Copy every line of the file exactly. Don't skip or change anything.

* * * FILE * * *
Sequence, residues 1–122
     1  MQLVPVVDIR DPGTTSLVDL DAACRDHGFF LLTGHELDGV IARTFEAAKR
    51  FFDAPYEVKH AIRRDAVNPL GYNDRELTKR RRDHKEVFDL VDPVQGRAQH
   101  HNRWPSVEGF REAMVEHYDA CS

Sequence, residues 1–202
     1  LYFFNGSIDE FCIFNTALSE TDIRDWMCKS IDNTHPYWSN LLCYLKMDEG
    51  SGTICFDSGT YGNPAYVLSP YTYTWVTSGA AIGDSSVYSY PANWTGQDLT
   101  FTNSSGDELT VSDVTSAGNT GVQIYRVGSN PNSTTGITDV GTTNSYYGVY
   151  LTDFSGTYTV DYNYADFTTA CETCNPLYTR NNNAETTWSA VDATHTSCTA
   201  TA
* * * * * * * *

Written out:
Sequence, residues 1–122
     1  MQLVPVVDIR DPGTTSLVDL DAACRDHGFF LLTGHELDGV IARTFEAAKR
    51  FFDAPYEVKH AIRRDAVNPL GYNDRELTKR RRDHKEVFDL VDPVQGRAQH
   101  HNRWPSVEGF REAMVEHYDA CS

Sequence, residues 1–202
     1  LYFFNGSIDE FCIFNTALSE TDIRDWMCKS IDNTHPYWSN LLCYLKMDEG
    51  SGTICFDSGT YGNPAYVLSP YTYTWVTSGA AIGDSSVYSY PANWTGQDLT
   101  FTNSSGDELT VSDVTSAGNT GVQIYRVGSN PNSTTGITDV GTTNSYYGVY
   151  LTDFSGTYTV DYNYADFTTA CETCNPLYTR NNNAETTWSA VDATHTSCTA
   201  TA